The concept of “Integrated Talent Management” became popular around five years ago – and since then organizations have used this phrase to describe an integrated approach to recruiting, development, performance management, compensation, development planning, and learning. The goal here is not only to make the Human Resources function operate more efficiently, but more importantly to create an “integrated system” for managing people which lets the organization rapidly and effectively respond to business needs.
Fig 1: Integrated Talent Management
For example, suppose you are a manufacturer and are growing your business in China. With such an integrated model you would have processes and systems in place to identify key leaders ready for this assignment, move technical professionals into the new business unit, establish the culture and competencies of the sales and service people needed in China, and then set in place a local recruiting process which would be consistent with your global employment brand.
Rather than just create a local HR organization which does its own thing, the integrated talent management program gives you and the organization itself a set of tools (platforms, models, cultural standards, forms, etc.) and experience (e.g. what are the best ways for us to attract the right people to our culture?) which can be rapidly leveraged for this new business opportunity. I like to think of talent management as “supply-chain management” for people – just as the purchasing function created an integrated process for acquisition and management of capital, so does talent management create an end-to-end set of processes and systems for all the management issues with people. (More on this in an upcoming blog.)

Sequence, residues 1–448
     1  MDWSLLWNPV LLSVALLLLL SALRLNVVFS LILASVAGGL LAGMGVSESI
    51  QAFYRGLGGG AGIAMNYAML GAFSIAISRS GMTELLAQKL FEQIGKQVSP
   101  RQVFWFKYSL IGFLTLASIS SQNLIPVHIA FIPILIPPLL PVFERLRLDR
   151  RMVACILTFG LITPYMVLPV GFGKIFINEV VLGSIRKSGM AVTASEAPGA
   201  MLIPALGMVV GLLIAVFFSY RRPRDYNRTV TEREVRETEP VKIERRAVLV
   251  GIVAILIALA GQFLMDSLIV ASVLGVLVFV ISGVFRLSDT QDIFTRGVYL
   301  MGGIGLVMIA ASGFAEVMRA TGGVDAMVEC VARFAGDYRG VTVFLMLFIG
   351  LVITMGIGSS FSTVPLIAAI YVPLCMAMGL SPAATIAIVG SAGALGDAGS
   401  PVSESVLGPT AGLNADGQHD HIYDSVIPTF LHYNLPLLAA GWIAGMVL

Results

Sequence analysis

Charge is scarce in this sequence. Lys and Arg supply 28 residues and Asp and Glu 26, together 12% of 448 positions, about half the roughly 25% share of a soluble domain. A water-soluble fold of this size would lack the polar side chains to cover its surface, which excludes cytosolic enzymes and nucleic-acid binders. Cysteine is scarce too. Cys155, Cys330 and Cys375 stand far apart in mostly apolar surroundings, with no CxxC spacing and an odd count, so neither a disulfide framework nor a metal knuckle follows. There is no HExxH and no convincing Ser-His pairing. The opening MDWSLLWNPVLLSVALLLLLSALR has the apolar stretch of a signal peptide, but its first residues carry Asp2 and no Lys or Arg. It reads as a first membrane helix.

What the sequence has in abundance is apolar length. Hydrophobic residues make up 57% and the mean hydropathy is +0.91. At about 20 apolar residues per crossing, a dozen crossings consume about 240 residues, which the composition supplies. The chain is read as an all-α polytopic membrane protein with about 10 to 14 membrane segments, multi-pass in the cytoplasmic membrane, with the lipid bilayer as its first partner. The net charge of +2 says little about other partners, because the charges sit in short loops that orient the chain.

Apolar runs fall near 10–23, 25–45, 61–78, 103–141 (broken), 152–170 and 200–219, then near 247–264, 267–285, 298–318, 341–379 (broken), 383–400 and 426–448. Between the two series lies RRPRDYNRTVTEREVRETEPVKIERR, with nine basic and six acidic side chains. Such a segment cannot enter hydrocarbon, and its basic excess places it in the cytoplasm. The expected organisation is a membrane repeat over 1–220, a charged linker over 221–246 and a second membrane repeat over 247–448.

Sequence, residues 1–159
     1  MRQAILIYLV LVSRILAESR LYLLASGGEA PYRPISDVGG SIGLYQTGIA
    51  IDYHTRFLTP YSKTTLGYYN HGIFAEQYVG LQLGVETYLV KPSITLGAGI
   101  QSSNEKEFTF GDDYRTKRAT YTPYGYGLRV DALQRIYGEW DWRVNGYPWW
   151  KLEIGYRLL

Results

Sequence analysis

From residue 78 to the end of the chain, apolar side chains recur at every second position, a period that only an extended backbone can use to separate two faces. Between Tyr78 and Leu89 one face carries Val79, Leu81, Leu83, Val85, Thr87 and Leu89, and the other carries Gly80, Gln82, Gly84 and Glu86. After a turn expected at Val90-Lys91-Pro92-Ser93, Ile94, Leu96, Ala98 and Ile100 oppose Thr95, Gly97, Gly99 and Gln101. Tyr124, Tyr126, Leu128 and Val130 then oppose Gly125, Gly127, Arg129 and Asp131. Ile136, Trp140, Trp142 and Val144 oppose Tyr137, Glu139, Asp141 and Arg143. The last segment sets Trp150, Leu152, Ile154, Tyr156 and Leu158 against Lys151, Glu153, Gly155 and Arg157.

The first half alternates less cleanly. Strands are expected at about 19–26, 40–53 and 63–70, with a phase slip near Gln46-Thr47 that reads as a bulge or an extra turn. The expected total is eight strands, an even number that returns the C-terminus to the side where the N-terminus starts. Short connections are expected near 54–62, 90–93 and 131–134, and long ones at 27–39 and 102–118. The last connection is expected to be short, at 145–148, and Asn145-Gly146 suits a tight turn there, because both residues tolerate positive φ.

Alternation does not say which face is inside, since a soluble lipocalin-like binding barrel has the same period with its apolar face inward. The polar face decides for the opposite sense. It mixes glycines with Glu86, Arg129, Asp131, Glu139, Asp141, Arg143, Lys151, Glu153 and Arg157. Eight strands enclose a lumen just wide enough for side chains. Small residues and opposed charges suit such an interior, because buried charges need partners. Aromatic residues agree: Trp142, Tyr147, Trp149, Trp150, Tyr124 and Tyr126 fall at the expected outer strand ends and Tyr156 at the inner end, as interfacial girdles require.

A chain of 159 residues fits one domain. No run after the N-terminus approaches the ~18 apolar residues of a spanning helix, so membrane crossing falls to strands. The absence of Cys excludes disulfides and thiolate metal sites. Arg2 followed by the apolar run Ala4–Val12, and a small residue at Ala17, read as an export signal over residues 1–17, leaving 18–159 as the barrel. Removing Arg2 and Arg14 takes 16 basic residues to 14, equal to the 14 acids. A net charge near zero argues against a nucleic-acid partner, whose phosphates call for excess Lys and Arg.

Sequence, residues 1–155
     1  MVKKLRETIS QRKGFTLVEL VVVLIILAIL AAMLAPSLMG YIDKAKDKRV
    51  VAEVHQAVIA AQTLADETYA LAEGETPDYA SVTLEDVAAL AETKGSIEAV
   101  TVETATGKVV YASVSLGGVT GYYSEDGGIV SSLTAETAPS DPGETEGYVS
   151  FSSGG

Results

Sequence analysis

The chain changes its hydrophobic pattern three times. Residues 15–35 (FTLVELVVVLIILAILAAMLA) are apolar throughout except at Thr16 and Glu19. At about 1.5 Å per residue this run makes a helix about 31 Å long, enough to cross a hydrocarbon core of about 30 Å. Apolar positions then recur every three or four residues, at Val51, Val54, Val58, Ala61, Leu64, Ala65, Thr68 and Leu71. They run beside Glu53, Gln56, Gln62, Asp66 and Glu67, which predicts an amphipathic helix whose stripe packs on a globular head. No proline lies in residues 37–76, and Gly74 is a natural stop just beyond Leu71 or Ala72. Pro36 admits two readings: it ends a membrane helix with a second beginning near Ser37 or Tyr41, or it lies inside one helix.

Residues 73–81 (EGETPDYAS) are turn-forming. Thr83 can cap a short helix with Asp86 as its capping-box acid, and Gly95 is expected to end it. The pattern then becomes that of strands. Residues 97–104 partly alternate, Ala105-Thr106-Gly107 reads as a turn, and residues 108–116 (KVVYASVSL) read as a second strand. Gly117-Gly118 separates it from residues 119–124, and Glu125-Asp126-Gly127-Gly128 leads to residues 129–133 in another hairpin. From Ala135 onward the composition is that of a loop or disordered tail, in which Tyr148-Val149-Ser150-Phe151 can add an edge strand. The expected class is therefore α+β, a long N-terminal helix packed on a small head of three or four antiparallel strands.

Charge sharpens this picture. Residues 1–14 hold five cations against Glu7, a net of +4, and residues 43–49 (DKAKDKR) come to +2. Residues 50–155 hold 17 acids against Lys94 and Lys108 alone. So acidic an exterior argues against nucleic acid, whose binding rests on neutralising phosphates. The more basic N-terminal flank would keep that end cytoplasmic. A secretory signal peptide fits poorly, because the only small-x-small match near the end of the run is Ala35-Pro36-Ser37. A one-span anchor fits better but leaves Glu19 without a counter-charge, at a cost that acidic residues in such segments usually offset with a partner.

The World Changes
In 2006 we introduced our Talent Management Framework, as part of our High-Impact Talent Management® research program. Since then thousands of people and hundreds of companies have used this model to understand how the various elements of talent management come together.
But nothing stands still. As organizations have implemented this whole approach, the world has evolved – and today the concepts and best-practices of talent management have progressed. So this week we are introducing our New Talent Management Framework, shown in overview form below.
Fig 2: The New Talent Management Framework
As this colorful model shows, many of the original concepts remain the same – but we have carefully added some new elements and reworded several functions to show how this whole area has evolved. (For the detailed report, “The Talent Management Framework, A Modern Approach to Developing and Mobilizing Talent“, research members can click here.)
I’d like to point out a few of the important new concepts.
First the concept of “sourcing and recruiting” has been expanded to use the term “Talent Acquisition.” This enormous area has become very complex and highly interconnected today: organizations must assess critical talent needs, determine performance profiles, source and screen candidates, and then hire and onboard people. This whole area (which we are dedicating a new research library to) now touches the entire people-management process: headcount and job requisitions must be included in the dynamic workforce plan; organizations must recruit internally as well as externally; job profiles and candidate information must be imported and stored in the talent systems; new people must go through a well-developed onboarding process; candidate quality should be checked against performance measures to help improve sources and recruiting process; compensation plans should be checked against existing plans, and the list goes on.
Note that we added “Career Management” to the core. Organizations now realize that the problems of performance management, development planning, succession management, talent mobility, and leadership development must include a formal and transparent process to help people build their own careers. One of our research members just told me this week that their turnover rates are starting to rise and their engagement levels are low – partly due to the stress of the recession. They quickly realized that the company had very little career development focus – and one of her priorities for the next year is to build a career management program, and associated management tools and training, for each major functional area. (This is a big job, it typically takes years – but always pays off.)